In situations like Moura No. 2 and Pike River, refuge chambers may not be the best strategy. It can be argued that, in other disasters, such as Sago and Upper Big Branch, the mine rescue teams were able to enter the mine within 96 h [10, 11]. However, in the Upper Big Branch case, most miners close to the longwall died instantly from direct explosion and burn trauma or from CO exposure and were unable to enter refuge chambers. Eight miners tried to escape by rail but their mantrip got stuck in debris from the explosion and seven miners were overcome with CO; the 8th miner was able to walk out. These seven miners might have survived had they been able to shelter in a refuge chamber. Likewise, the disasters in Australia and New Zealand demonstrate that there is a likelihood that miners may not be able to enter a refuge chamber and, more so, mine rescue teams may be unable to enter the mine to rescue sheltered miners.
Besides these concerns, there are several other issues that question the feasibility of using refuge chambers to manage emergencies in underground coal mines. These issues will be discussed next.
3.1 Resistance to Withstand Fires and Explosions
US refuge chambers must be designed to withstand explosion pressure up to 15 psi (100 kPa). If a free-standing chamber with a cross-sectional area of 4 m2 is unilaterally exposed to such an explosion pressure, this pressure may briefly exert a force of 400 kN on the chamber. In full-scale mine explosion tests, Weiss et al.  subjected a 700-kg battery charger to a static pressure of approximately 200 kPa. The charger had a cross-section area of approximately 1 m2, which means that it was subjected to a force of 200 kN, and was thrown a distance of 24 m. This experiment raises questions about the ability of any refuge chamber, particularly a movable chamber, to withstand direct impact from a mine explosion.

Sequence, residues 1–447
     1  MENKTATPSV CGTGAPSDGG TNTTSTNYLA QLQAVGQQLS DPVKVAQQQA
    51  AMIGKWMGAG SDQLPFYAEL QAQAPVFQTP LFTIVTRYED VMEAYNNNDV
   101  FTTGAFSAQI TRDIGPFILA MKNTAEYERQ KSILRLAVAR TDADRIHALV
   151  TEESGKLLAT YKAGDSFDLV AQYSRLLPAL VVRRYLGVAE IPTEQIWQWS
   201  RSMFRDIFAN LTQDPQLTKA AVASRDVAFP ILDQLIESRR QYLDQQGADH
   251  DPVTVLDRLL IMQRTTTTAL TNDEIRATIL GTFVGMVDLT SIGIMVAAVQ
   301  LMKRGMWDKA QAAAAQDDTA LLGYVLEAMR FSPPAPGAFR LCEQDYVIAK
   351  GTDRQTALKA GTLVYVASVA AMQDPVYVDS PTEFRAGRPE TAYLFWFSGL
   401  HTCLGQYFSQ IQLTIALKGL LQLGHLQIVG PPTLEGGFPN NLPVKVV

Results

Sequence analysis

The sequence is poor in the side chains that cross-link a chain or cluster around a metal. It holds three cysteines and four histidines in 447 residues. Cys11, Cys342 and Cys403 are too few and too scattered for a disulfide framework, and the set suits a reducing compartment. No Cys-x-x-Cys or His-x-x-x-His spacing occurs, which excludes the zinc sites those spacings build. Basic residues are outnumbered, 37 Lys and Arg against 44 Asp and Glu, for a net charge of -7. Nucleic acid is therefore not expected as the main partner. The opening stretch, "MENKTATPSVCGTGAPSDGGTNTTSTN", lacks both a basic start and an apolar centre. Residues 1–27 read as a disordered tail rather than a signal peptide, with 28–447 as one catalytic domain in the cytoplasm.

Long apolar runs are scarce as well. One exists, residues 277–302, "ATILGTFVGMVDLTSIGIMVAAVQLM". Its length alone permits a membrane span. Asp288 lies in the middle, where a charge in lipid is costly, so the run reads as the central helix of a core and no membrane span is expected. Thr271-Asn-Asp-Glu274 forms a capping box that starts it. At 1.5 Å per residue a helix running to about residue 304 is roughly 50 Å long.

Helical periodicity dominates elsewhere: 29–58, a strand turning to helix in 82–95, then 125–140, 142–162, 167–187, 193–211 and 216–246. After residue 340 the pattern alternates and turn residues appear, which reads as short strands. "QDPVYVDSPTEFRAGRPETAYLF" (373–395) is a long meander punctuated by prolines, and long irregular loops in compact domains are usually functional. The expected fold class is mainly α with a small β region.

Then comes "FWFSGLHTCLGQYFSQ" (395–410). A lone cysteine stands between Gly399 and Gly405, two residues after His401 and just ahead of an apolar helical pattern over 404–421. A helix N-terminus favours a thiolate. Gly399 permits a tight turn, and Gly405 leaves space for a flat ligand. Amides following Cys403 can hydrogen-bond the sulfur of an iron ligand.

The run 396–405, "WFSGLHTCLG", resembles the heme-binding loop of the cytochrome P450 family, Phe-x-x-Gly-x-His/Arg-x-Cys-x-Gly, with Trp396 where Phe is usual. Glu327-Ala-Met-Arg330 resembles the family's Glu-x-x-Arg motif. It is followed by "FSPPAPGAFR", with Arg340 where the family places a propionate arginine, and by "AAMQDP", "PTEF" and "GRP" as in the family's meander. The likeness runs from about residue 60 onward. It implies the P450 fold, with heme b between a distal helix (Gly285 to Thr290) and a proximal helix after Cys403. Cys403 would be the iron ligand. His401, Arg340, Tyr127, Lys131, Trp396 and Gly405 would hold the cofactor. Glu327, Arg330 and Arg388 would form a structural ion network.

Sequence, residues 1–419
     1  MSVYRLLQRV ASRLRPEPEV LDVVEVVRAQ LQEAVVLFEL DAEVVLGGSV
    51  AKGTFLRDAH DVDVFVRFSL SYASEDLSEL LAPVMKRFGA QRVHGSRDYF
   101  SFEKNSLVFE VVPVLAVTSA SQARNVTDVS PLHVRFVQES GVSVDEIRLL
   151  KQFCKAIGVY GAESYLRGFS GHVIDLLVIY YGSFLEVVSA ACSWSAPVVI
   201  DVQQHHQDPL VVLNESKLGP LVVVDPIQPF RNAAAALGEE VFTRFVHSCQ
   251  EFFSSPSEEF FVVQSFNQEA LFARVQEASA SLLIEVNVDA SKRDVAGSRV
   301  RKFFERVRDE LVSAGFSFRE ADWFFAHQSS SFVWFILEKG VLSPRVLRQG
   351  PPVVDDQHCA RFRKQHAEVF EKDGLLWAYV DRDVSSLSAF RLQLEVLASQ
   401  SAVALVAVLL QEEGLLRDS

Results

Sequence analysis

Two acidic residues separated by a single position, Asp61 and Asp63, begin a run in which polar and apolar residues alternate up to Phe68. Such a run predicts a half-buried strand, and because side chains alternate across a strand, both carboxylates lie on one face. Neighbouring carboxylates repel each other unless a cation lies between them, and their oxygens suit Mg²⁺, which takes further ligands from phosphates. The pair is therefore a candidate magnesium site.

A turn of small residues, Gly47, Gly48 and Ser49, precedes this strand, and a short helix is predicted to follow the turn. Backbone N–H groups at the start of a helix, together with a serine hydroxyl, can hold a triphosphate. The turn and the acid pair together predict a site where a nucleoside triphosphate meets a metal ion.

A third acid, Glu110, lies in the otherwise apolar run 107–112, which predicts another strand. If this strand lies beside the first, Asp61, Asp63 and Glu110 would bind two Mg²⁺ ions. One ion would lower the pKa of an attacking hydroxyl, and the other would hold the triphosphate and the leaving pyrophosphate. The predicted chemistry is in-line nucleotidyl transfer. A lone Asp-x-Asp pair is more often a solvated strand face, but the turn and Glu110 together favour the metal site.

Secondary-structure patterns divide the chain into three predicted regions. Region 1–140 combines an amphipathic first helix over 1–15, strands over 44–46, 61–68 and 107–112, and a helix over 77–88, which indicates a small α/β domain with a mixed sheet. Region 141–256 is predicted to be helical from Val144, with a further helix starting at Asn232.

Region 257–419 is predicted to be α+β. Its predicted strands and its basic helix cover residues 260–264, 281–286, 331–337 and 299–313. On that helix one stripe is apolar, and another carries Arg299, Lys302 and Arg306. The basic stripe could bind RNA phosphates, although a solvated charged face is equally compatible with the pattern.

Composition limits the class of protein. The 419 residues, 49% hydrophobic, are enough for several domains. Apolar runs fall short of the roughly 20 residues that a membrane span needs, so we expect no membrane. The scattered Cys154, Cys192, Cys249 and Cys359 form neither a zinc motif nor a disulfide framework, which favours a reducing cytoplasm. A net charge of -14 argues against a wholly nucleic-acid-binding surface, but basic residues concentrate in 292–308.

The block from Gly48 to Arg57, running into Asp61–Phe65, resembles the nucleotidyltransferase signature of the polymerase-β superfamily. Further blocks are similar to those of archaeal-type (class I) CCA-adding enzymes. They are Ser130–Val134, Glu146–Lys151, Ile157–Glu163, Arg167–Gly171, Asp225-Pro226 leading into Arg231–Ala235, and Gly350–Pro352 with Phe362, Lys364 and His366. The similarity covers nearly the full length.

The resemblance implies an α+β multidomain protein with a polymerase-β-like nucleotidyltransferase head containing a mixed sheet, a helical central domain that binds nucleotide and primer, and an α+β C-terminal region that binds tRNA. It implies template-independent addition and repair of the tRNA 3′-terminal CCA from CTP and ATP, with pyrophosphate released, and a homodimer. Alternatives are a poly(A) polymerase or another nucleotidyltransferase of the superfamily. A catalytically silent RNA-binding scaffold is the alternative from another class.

The US Army Corps of Engineers carried out a computational fluid dynamics (CFD) simulation of the Sago mine explosion. The simulations estimate that the pressure in an entry outby the seal location is higher than 50 psi (345 kPa) . Zipf et al.  analyzed pressure measurements of experimental mine explosions in the USA, Germany, and Poland. These results show that coal mine explosions can generate pressures greater than 145 psi (1 MPa). At such high pressures, there is a likelihood that both stationary or movable chambers will be destroyed in a mine explosion.
Research by Zipf et al.  and Strebinger et al.  indicates that explosion flow through room-and-pillar mines will increase turbulence, thereby raising the flame velocity and explosion pressures. Explosions traveling through multiple entries like room-and-pillar entries and crosscuts are far more destructive than explosions propagating along single entries.
3.2 Maintaining a Breathable Atmosphere Inside the Chamber
Refuge chambers are typically equipped with a supply of oxygen and chemical scrubbers that clean CO2 and CO from the chamber air. The oxygen supply is designed to make up for human consumption and leakage losses that occur particularly with tent-style chambers. As with all life support, breathing air supplies are designed to last at least 96 h at full occupancy level.
CO2 and CO scrubbing can be done with battery-operated fans drawing air through chemical scrubber beds of either soda lime or lithium hydroxide. Other chambers may have passive scrubbing systems that do not require a fan or batteries: curtains filled with the scrubber chemicals that scrub the air through diffusion.